MUA2 probably isn't going to make you forget that Assassin's Creed 2 is coming out later this year but if you're a fan of the first game I wouldn't be so quick to write this one off yet. It's arriving in stores September 15th, so it should provide a great appetizer before the fall crazy-ness shifts into high gear.

(September 15th -- PS3, Xbox 360)

NGP's managing partner Andrew Shin has been following the development of this Canadian-made action-adventure for quite some time. Developers Artificial Mind and Movement have certainly seen their share of drama in the last year. Having been dropped by Acitvistion Blizzard last summer, the future of WET was in dire straits until Bethesda Softworks stepped in to rescue the project this past April.

The move has all but guaranteed a September 15th release for WET, which along with Batman, positions the game as a sort of early kick off to the busy game-buying season this fall.

Details of the game have still be relatively scarce. WET expands upon the gun play mechanics found in Max Payne and Stranglehold by adding savage melee with a katana. The game also liberally borrows stylistic elements from cinema, most notably old exploitation flicks of the 1970s, The Matrix and the pop culture sensibilities of Quentin Tarantino (Kill Bill comes most readily to mind).

Female protagonist, Rubi (voiced by the smoldering Eliza Dushku of TV's Dollhouse) is certainly a bad ass on the order of Uma Thurman's The Bride, but will all this attitude and style overshadow the substance? The jury's still out on how well WET fuses together all these influences into a wild action ride. For me, it's all these question marks that makes the anticipation for WET's release all the more difficult.

Alpha Protocol
(October 6th -- PC, PS3, Xbox 360)

Billed as "the espionage RPG", Alpha Protocol is Obsidian Entertainment's first original IP project and their first chance to truly prove themselves as first-rate RPG makers. They've long been regarded in some corners (yours truly included) as a second string developer, toiling in the shadow of more succesful studios such as BioWare. While their sequels to classics such as Knights of the Old Republic and Neverwinter Nights were pretty well received, they've never had a game built from the ground up to call their own.

At first blush Alpha Protocol resembles Mass Effect with a major palette swap. The heavy 3rd-person shooter elements combined with the cinematic dialogue presentations and skill point advancement system bear a striking resemblance to BioWare's sci-fi thriller. As rookie CIA operative Michael Thornton, players find themselves betrayed by their superiors during a routine mission. Cut off from their usual resources, Thornton goes rogue and works to uncover a deeper conspiracy within the government.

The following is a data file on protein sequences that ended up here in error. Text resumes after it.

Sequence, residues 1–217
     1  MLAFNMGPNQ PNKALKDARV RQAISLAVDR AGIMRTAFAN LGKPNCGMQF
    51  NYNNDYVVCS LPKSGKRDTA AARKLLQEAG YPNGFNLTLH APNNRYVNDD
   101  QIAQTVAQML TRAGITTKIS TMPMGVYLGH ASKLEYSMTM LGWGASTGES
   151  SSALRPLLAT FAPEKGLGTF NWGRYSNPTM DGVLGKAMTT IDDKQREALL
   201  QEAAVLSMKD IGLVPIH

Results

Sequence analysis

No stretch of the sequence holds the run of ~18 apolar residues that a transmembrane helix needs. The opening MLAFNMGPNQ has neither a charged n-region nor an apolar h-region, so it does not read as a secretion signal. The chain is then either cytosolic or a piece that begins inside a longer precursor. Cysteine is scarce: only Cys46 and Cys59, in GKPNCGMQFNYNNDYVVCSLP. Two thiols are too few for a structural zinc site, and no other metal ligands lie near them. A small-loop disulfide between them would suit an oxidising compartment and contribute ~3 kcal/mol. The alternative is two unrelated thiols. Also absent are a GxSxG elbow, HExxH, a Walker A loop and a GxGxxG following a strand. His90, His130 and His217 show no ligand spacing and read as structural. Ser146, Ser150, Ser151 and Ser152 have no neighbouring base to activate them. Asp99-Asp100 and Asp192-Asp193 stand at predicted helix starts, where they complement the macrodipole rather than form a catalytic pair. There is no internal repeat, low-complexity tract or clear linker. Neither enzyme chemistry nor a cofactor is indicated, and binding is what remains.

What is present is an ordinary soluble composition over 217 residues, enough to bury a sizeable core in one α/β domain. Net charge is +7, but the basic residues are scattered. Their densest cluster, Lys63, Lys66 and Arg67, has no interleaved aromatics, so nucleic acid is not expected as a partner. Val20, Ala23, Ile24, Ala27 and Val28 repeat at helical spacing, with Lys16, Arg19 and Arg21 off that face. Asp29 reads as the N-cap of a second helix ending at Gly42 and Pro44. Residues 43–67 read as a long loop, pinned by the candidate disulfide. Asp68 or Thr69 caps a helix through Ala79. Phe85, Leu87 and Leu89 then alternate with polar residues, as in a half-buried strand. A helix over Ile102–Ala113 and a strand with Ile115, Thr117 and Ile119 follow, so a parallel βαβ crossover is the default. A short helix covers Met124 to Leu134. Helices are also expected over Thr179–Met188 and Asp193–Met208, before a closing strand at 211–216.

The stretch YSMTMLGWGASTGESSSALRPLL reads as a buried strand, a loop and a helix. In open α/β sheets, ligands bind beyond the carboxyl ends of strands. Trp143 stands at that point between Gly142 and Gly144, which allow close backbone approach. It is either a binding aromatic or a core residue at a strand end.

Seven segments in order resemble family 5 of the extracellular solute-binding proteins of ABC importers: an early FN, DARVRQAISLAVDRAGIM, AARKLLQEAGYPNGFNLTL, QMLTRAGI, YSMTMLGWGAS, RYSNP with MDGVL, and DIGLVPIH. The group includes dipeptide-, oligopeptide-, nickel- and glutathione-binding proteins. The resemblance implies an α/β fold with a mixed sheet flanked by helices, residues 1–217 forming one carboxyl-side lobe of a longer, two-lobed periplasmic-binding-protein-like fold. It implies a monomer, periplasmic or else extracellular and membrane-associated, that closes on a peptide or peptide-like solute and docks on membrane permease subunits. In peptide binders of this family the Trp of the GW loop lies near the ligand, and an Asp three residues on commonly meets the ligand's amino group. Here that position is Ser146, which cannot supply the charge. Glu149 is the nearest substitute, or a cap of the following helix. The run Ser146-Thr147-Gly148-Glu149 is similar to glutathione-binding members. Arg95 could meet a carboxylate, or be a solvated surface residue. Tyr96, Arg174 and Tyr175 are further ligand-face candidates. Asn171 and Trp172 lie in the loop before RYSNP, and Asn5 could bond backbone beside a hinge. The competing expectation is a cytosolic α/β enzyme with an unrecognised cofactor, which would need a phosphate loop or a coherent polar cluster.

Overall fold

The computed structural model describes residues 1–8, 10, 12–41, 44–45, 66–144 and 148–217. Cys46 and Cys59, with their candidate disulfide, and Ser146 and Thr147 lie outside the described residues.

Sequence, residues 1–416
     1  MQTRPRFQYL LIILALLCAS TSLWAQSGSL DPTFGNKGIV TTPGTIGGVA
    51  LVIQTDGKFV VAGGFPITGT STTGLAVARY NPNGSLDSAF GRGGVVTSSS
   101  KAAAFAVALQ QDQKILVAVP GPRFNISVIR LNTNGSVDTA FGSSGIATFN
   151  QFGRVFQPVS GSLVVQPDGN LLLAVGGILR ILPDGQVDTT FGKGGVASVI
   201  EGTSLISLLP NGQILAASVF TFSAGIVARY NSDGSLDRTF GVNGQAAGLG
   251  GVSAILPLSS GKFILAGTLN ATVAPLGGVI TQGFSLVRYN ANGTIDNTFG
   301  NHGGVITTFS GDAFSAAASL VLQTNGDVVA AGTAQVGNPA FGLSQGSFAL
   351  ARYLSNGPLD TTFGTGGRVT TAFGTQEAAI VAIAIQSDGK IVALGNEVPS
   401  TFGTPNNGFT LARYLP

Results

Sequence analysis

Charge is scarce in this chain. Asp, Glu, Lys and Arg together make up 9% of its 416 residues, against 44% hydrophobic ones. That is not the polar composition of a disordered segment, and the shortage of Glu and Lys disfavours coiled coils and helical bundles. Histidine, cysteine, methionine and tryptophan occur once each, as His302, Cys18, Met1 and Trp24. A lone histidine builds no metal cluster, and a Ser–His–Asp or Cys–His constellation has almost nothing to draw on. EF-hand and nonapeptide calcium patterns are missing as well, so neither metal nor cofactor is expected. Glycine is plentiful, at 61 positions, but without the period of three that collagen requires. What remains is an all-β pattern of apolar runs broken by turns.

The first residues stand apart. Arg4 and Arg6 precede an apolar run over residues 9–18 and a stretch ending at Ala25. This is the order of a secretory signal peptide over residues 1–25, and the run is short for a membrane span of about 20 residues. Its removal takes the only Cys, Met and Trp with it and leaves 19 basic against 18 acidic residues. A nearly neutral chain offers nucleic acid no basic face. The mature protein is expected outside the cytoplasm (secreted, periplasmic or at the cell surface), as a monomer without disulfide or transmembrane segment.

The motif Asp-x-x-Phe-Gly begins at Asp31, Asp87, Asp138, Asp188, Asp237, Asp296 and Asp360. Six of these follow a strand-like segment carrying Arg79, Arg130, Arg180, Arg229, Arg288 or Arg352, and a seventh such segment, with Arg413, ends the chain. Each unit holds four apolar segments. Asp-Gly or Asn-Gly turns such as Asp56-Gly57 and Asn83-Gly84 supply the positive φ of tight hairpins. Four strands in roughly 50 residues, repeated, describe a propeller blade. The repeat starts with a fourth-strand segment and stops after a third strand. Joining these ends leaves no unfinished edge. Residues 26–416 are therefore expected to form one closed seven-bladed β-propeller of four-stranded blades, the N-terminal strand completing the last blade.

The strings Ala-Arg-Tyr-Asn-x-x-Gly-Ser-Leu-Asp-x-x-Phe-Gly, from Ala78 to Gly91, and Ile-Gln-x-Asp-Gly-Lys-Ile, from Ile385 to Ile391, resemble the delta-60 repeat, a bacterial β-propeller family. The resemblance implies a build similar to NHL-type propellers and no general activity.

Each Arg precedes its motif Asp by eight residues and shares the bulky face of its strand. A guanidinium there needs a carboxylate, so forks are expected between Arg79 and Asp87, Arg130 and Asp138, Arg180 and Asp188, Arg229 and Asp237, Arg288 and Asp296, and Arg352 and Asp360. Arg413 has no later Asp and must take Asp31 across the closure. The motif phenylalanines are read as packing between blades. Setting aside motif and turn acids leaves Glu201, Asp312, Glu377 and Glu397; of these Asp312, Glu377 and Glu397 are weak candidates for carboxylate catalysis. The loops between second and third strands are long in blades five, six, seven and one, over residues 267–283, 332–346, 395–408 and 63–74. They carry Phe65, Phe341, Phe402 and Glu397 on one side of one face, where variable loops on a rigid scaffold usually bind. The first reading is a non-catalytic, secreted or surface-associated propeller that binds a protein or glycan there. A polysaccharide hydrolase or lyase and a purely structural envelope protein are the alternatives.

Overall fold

The spy setting should be a breath of fresh air for gamers overdosed on dungeons and space marines and it should cause people to draw favourable connections to existing properties such as James Bond and Jason Bourne. Below the surface, we also have what looks to be a solid blending of action and RPG game mechanics, with a host of customization options and a great variety of skill specializations offering players many different ways of tackling the challenges offered in Alpha Protocol.

Operation Flashpoint: Dragon Rising
(October 6th -- PC, PS3, Xbox 360)

This could be "the game" this fall for anyone who has bemoaned the style shift of the big Tom Clancy franchises these last few years. While the Rainbow Six and Ghost Recon games have seen a sharp shift towards action and accessibility to appeal to a wider audience, the realism die-hards have been left out in the cold.

Certainly in a world of Halo and Call of Duty, an open world military shooter based on sophisticated AI and strict adherence to realism is either going to be a breath of fresh air or a very rude awakening. Personally, I prefer my games fantastical and over the top but there's no denying an under served market on consoles that is dying for a no-nonsense shooter experience.

The recipe for a great game is all here: fully fleshed out single and multi-player modes, 8-player online matches, drivable vehicles, dynamic weather system, real-time lighting and realistic ballistics. Where realism is concerned, there's even a feature available that will disable all HUD elements. Yes, that's everything. You'll need to keep track of how many rounds you've expended from your clip and rely on visual cues to identify hostiles and friendlies. And forget about an overhead mini map or radar!

I don't know about you, but short of donning the camo gear and heading out to the firing range, this is as real as it's going to get when it comes to realistic shooters.

(October 20th -- PC, PS3, Xbox 360)

I am excited about this one. Coming to us from Gearbox Software, makers of Brother in Arms: Hell`s Highway and some classic Half-Life expansions, Borderlands is an original IP that is also a bit difficult to explain.

The game is set in yet another trendy post-apocalyptic world, combining the sensibilities of Mad Max with an art style that crosses Fallout with Team Fortress 2. The hybrid result is being marketed as a "role-playing shooter" or RPS. There are a host of features guaranteed to get core gamers salivating, including 4-player co-op, a vast open world, classes and class-based skill trees and a procedural weapon-generation system that will supposedly provide a limitless number of permutations to the loot drops.

It's so strange to be talking about loot and leveling in the context of an edgy-looking FPS but that is just representative of the kind of bold approach Gearbox is taking with this game. Boldness is definitely something they'll need in spades. Borderlands is scheduled to hit store shelves in the competitive month of October. Aside from heaps of critical praise and word of mouth, it's going to need a healthy marketing push to stand out amid the retail noise.

So that's just a small sampling of some lesser known titles headed to your PC or console later this year. It's not the most exhaustive list and I had to make some cuts. I think the take away lesson is that in spite of the large number of games delayed into 2010, we still have a feast of gaming goodness ahead of us that will easily tide us over until Christmas and beyond.